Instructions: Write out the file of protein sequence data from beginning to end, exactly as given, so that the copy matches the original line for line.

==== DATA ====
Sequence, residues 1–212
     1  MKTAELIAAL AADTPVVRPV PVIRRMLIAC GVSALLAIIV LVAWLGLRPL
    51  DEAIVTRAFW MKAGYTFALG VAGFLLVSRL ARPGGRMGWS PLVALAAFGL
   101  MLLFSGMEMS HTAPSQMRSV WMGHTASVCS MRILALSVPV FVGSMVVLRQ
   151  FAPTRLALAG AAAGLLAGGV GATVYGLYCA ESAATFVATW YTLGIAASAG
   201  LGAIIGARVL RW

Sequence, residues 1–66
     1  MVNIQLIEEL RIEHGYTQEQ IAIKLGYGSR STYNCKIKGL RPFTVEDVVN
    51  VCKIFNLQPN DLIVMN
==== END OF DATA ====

Sequence, residues 1–212
     1  MKTAELIAAL AADTPVVRPV PVIRRMLIAC GVSALLAIIV LVAWLGLRPL
    51  DEAIVTRAFW MKAGYTFALG VAGFLLVSRL ARPGGRMGWS PLVALAAFGL
   101  MLLFSGMEMS HTAPSQMRSV WMGHTASVCS MRILALSVPV FVGSMVVLRQ
   151  FAPTRLALAG AAAGLLAGGV GATVYGLYCA ESAATFVATW YTLGIAASAG
   201  LGAIIGARVL RW

Sequence, residues 1–66
     1  MVNIQLIEEL RIEHGYTQEQ IAIKLGYGSR STYNCKIKGL RPFTVEDVVN
    51  VCKIFNLQPN DLIVMN